You should avoid lists of words to avoid


People keep sending me word lists. “Use these words,” they say. “Don’t use these other words.” If you want to be a better writer, these lists are useless, because they don’t change how you think.

Words to ban from tech? This list is way too short

Robert Dean lists “20 bullsh*t buzzwords that should be banned from tech forever.” (C’mon, folks, can’t we spell out “bullshit” at this point?) Here’s the complete list:

Pain Point
Game Changer and Change Agent
Bleeding Edge
Dog Food
Internet of Things
Low-hanging fruit
Circle back
Action item
Take it offline

There are some loser words in there, but what’s interesting is why they’re annoying. For example, “game changer,” “bleeding edge,” and “low-hanging fruit” are cliches. “Revolutionary” and “robust” are weasel words (and I agree that they are useless.)

But “sync” and “alignment” are perfectly good words, perhaps overused in meetings. I personally don’t mind “take it offline” or “Buy-in.”

Internet of Things is a perfectly good description of the set of non-computing devices that connect to the Internet — a set of devices that are creating security and management challenges and opportunities. Despite Dean’s protest, it’s a useful description with a specific meaning — it encompasses connected door-locks and cameras, but not iPads and PCs. What, exactly, would you call this area of study if you couldn’t say “Internet of Things”? I’d rather not have to say “Connected non-computing devices” every time I write about it.

My main problem with this list, though, is that it delivers no insight. There are hundreds of weasel words. They are a problem because they are imprecise and unpersuasive. There are thousands of cliches. They are a problem because their repetition is boring. Once you know why a type of word is a problem, you can not only avoid it, but improve your thinking and your writing.

But at least this list isn’t actively harmful. Some others are.

Very is a problem. Here’s how not to fix it.

A friend shared Greta Vaitkeviciute‘s list of ways to avoid the word “very,” which more than 2,400 likes on LinkedIn.

I have no idea where this originated — whoever created it neglected to put their name on it, or somewhere along the way somebody cut it off.

I recognize that this set of words is intended to get fiction writers to be more vivid, but this is a dopey way to write better, because it replaces two vague words with one. Vague adjectives are a problem, whether they include “very” or not. “Frequently” is just as bad as “very often.” “Beautiful” is no better than “very pretty.”

A weasel word is a weasel word, whether it includes “very”or not. To fix it, replace it with something precise. Was the “deafening” environment “as loud as an airport tarmac” or “as loud as the front row at a rock concert?”

Stop saying “said?” The dumbest idea of all

“Said” is a good word. It doesn’t draw attention to itself. It’s clear. When quoting someone, say “said” and you can’t go wrong.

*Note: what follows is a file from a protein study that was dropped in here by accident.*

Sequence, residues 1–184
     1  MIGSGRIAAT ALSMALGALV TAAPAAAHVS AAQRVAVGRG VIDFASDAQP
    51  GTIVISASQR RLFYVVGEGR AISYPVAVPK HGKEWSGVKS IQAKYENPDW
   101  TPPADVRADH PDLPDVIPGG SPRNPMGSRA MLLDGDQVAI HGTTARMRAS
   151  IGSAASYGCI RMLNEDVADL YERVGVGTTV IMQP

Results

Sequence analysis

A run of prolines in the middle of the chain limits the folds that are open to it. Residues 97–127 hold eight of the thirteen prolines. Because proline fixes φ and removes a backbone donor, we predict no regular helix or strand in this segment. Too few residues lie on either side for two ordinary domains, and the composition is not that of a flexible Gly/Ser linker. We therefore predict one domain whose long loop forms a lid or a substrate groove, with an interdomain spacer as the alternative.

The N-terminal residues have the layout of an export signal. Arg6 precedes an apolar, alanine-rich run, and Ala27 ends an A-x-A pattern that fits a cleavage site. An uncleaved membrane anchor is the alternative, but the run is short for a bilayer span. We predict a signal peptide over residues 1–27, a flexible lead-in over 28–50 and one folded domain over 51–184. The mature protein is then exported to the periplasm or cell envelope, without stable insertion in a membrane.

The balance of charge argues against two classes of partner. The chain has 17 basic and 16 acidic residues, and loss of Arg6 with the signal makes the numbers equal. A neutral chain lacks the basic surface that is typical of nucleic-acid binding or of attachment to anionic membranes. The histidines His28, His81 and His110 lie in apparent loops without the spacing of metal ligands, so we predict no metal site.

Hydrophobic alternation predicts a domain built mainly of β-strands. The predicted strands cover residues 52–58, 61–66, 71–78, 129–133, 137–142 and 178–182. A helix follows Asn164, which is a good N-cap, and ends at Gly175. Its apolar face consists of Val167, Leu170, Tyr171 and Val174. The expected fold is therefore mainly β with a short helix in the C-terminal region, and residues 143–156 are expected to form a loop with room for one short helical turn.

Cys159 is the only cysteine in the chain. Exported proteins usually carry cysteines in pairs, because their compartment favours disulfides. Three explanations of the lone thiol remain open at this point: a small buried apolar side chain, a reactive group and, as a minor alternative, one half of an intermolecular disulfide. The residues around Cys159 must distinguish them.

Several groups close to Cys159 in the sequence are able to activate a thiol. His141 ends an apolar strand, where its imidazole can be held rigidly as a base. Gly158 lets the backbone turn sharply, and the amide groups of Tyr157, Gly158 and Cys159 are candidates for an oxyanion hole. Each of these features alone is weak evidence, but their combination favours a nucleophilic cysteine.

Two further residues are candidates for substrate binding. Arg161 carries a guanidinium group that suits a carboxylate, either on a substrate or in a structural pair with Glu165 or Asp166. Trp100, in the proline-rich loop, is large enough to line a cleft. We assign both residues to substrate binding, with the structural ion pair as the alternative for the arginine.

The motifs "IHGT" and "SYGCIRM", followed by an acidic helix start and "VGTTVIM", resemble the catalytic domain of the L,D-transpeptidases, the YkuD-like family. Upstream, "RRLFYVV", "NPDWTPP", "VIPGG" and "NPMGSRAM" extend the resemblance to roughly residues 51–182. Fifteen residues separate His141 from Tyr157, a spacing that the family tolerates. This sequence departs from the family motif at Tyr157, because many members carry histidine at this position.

This is true in business writing, but also in fiction. Fiction that is filled with people spluttering and exploding and murmuring all the time is florid and jarring.

If you want to write in this annoying and silly way, though, I present this infographic, which reader Jenny Frost invited me to share:

222 Words to Use Instead of 'Said' (Infographic)

Some better advice for avoiding lame words

If you’re looking for a fast and simple solution for avoiding poor word choices, these glib collections of advice — or anything similar — aren’t going to solve your problem. You need to come to grips with your habits that lead to words that undermine your writing. These include passive voice, jargon, weasel words, and cliches. It is not the use of these elements that undermines writing, it is their overuse. So here’s how to fix them:

  • When you write anything, go back and look for these toxic prose elements.
  • Rewrite with fresh, active, precise words where possible. You don’t need to eliminate every single passive voice sentence, every use of “very,” or every bit of jargon. You just need to eliminate most of them, leaving the ones that are effective.
  • Become sensitive to these elements, so that you can catch them as you’re writing and fix them.

The best way to do this is to get a good editor, who can see the defects in your writing that you’ve become blind to.

Quick fixes don’t help. Avoid them. And never be afraid to write “said.”

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  1. Josh,

    For what it’s worth, Elmore Leonard said, “Never use a verb other than ‘said’ to carry dialogue. He said that’s just the writer sticking his nose in.

  2. the word that sticks most in the don’t use section of my head put there by my grade 5 primary school teacher – got – simply a very unpleasant word!

  3. Let’s not forget “landscape.” The sports landscape, the sports media landscape, the political landscape, the business landscape…everything but the landscape landscape. “Ecosystem” is a new favorite of the language clods. Come to think of it, why the use of such many agricultural terms in jargon? Silos, granular, ecosystem, low-hanging fruit, landscape, etc. “Going forward,” “iconic,” “systemic,” “mindset,” “thought process,” and “thought leader” are inescapable. And “incredible” and “incredibly” are used as synonyms for “very” to describe the most mundane things.